Met Police confirm there was a 'minor disturbance' and that no-one was arrested

Arts and Entertainment
George Lucas poses with a group of Star Wars-inspired Disney characters at Disney's Hollywood Studios in 2010

George Lucas criticises the major Hollywood film studios

Chris Grayling, Justice Secretary: 'There are pressures which we are facing but there is not a crisis'

Does Chris Grayling realise what a vague concept he is dealing with?

Life and Style
A street vendor in Mexico City sells Dorilocos, which are topped with carrot, jimaca, cucumber, peanuts, pork rinds, spices and hot sauce
food + drink

Trend which requires crisps, a fork and a strong stomach is sweeping Mexico's streets

Life and Style
The charity Sands reports that 11 babies are stillborn everyday in the UK
lifeEleven babies are stillborn every day in the UK, yet no one speaks about this silent tragedy
Blackpool is expected to become one of the first places to introduce the Government’s controversial new Public Space Protection Orders (PSPOs)

Parties threaten resort's image as a family destination

Life and Style
Northern soul mecca the Wigan Casino
fashionGone are the punks, casuals, new romantics, ravers, skaters, crusties. Now all kids look the same
Life and Style

I Am Bread could actually be a challenging and nuanced title

Caption competition
Caption competition
Latest stories from i100
Have you tried new the Independent Digital Edition apps?

Bleacher Report

Daily Quiz
Independent Dating

By clicking 'Search' you
are agreeing to our
Terms of Use.

Career Services

Day In a Page

Two super-sized ships have cruised into British waters, but how big can these behemoths get?

Super-sized ships: How big can they get?

Two of the largest vessels in the world cruised into UK waters last week
British doctors on brink of 'cure' for paralysis with spinal cord treatment

British doctors on brink of cure for paralysis

Sufferers can now be offered the possibility of cure thanks to a revolutionary implant of regenerative cells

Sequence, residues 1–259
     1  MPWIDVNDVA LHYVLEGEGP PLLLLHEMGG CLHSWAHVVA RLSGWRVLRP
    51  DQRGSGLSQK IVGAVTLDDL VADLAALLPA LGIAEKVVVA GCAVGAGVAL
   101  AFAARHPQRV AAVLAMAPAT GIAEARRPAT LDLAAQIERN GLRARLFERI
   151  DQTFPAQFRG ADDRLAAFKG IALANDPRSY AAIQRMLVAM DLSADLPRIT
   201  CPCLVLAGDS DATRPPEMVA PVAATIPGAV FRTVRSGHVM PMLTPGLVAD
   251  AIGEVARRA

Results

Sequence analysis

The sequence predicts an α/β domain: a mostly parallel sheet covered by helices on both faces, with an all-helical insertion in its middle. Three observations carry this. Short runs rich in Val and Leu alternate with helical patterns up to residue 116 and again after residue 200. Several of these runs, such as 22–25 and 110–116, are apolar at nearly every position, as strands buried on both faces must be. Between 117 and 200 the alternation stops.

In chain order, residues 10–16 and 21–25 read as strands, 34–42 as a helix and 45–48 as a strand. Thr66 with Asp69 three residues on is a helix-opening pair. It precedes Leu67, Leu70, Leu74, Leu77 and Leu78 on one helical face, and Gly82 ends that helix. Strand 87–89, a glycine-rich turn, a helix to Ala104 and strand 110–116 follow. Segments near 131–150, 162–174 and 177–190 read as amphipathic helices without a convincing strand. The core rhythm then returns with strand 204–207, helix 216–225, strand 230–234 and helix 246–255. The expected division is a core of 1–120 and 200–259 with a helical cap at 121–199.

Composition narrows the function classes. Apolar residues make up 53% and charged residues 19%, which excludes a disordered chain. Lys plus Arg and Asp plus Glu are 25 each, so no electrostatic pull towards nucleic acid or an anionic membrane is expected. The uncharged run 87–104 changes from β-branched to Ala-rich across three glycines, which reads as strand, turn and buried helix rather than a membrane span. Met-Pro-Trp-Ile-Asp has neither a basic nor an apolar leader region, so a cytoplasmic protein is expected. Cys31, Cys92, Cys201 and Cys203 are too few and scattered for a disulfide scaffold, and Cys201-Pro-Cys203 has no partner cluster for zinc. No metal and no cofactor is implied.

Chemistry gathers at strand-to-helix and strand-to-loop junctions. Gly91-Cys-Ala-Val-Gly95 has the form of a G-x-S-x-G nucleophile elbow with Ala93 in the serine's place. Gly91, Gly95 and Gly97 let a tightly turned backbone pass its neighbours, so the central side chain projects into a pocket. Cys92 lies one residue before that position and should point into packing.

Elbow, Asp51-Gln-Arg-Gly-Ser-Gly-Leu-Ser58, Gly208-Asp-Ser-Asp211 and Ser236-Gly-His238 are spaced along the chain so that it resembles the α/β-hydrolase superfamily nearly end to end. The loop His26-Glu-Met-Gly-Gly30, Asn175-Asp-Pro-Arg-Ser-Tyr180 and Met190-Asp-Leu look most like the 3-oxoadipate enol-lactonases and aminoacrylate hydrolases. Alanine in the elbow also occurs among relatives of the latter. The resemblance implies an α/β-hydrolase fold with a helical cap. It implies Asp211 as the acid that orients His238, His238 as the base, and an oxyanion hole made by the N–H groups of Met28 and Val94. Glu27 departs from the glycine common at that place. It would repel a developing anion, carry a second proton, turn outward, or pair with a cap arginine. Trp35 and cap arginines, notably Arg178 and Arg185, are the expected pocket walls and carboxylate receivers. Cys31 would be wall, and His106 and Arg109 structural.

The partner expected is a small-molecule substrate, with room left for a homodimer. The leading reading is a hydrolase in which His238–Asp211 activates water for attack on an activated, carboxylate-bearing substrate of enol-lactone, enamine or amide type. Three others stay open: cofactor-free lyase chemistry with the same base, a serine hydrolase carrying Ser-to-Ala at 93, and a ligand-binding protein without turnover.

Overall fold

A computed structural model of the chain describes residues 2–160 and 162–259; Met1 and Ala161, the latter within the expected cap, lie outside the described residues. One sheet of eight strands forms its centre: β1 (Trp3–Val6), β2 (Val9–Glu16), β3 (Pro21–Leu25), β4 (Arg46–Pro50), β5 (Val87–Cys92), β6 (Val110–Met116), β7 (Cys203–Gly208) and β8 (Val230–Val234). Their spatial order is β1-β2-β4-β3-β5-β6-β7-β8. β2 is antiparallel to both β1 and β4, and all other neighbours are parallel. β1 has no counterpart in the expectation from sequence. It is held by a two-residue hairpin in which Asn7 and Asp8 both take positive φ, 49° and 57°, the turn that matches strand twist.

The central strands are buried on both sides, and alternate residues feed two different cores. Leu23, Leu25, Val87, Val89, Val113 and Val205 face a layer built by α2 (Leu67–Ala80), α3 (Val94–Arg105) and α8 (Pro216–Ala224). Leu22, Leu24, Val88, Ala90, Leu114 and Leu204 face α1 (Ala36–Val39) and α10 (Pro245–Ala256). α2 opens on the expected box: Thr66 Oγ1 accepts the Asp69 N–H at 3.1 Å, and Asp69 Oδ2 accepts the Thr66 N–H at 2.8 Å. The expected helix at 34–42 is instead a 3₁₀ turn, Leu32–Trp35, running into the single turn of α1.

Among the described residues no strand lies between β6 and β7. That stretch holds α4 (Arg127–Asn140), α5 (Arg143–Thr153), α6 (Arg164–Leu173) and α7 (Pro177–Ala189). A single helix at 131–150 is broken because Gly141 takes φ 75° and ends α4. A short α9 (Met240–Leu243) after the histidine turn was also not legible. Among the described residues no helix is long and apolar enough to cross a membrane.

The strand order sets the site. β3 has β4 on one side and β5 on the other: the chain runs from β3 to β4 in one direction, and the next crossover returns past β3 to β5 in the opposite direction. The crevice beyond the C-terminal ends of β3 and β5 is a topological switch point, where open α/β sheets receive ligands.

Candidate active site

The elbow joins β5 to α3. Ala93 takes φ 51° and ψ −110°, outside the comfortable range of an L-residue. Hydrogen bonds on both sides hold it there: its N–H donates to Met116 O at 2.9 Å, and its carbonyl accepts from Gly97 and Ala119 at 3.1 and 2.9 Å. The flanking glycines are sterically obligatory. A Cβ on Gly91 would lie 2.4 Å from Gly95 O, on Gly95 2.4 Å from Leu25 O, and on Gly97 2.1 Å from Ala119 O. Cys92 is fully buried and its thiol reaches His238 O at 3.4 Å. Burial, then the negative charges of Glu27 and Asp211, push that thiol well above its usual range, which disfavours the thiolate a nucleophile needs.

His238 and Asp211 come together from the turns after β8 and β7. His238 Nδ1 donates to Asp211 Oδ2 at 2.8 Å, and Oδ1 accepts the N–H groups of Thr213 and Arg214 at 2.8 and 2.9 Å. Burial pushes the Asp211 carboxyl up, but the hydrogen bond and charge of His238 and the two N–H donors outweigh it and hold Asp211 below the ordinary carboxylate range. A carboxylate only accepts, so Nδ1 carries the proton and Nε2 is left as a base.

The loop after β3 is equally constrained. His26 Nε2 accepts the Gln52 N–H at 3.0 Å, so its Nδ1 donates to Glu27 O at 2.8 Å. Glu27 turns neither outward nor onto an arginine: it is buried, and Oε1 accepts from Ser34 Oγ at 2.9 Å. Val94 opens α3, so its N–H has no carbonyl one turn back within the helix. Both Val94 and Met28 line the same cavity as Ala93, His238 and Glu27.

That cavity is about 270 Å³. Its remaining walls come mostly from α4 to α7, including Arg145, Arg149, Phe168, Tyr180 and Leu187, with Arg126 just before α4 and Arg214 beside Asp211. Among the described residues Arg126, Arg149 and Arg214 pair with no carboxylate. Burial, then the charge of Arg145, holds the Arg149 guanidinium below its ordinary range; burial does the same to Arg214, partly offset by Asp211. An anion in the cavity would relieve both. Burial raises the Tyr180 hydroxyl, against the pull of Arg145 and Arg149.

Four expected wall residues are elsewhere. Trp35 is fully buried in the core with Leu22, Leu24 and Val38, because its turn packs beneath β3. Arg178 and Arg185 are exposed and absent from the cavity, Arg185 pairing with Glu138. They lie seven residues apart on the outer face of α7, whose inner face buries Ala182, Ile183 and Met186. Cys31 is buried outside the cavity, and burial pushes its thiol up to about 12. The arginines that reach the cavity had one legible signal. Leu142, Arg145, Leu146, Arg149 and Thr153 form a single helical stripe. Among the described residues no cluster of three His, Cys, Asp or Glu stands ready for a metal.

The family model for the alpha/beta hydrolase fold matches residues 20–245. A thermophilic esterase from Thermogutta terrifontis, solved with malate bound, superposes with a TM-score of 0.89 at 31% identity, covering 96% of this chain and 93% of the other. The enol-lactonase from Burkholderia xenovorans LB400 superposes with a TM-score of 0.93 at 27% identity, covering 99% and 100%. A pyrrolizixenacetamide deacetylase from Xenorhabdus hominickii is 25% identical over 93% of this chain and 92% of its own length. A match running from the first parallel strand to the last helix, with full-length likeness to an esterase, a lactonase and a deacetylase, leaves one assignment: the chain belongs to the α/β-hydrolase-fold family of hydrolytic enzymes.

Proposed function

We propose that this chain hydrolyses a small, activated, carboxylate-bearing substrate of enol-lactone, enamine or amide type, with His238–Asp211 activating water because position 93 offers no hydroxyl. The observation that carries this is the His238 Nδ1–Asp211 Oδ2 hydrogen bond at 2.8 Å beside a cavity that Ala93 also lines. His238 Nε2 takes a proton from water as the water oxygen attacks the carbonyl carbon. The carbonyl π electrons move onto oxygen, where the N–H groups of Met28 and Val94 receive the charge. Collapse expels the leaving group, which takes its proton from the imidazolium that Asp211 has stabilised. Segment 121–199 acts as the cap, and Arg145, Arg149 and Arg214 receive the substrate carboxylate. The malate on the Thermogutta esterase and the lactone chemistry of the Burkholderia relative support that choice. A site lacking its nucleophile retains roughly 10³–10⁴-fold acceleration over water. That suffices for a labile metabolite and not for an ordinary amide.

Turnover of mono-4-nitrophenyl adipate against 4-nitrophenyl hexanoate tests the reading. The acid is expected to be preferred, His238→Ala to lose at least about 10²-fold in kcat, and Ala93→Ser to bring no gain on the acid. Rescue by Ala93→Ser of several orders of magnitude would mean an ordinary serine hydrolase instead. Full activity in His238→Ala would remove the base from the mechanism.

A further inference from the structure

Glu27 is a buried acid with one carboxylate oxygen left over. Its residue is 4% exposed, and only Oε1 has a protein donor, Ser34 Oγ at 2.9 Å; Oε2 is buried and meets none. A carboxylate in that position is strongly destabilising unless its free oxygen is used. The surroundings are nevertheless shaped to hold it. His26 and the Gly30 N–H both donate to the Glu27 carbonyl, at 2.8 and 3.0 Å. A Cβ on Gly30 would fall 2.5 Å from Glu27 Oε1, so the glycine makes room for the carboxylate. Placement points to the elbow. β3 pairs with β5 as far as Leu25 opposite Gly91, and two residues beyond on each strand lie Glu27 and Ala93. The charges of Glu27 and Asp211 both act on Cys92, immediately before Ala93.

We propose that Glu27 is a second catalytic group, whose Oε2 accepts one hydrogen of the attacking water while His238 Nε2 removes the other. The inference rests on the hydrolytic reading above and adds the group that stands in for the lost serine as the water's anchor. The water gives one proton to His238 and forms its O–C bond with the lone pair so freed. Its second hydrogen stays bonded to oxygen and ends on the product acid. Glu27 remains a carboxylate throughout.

Ranked seventh in world’s best tourist cities - not London, or Edinburgh, but Salisbury

Salisbury ranked seventh in world’s best tourist cities

The city is home to one of the four surviving copies of the Magna Carta, along with the world’s oldest mechanical clock
Let's talk about loss

We need to talk about loss

Secrecy and silence surround stillbirth
Will there be an all-female mission to Mars?

Will there be an all-female mission to Mars?

Women may be better suited to space travel than men are
Oscar Pistorius sentencing: The athlete's wealth and notoriety have provoked a long overdue debate on South African prisons

'They poured water on, then electrified me...'

If Oscar Pistorius is sent to jail, his experience will not be that of other inmates
James Wharton: The former Guard now fighting discrimination against gay soldiers

The former Guard now fighting discrimination against gay soldiers

Life after the Army has brought new battles for the LGBT activist James Wharton
Ebola in the US: Panic over the virus threatens to infect President Obama's midterms

Panic over Ebola threatens to infect the midterms

Just one person has died, yet November's elections may be affected by what Republicans call 'Obama's Katrina', says Rupert Cornwell
Premier League coaches join the RSC to swap the tricks of their trades

Darling, you were fabulous! But offside...

Premier League coaches are joining the RSC to learn acting skills, and in turn they will teach its actors to play football. Nick Clark finds out why
How to dress with authority: Kirsty Wark and Camila Batmanghelidjh discuss the changing role of fashion in women's workwear

How to dress with authority

Kirsty Wark and Camila Batmanghelidjh discuss the changing role of fashion in women's workwear
New book on Joy Division's Ian Curtis sheds new light on the life of the late singer

New book on Ian Curtis sheds fresh light on the life of the late singer

'Joy Division were making art... Ian was for real' says author Jon Savage
Sean Harris: A rare interview with British acting's secret weapon

Sean Harris: A rare interview with British acting's secret weapon

The Bafta-winner talks Hollywood, being branded a psycho, and how Barbra Streisand is his true inspiration
Tim Minchin, interview: The musician, comedian and world's favourite ginger is on scorching form

Tim Minchin interview

For a no-holds-barred comedian who is scathing about woolly thinking and oppressive religiosity, he is surprisingly gentle in person
Boris Johnson's boozing won't win the puritan vote

Boris's boozing won't win the puritan vote

Many of us Brits still disapprove of conspicuous consumption – it's the way we were raised, says DJ Taylor
Ash frontman Tim Wheeler reveals how he came to terms with his father's dementia

Tim Wheeler: Alzheimer's, memories and my dad

Wheeler's dad suffered from Alzheimer's for three years. When he died, there was only one way the Ash frontman knew how to respond: with a heartfelt solo album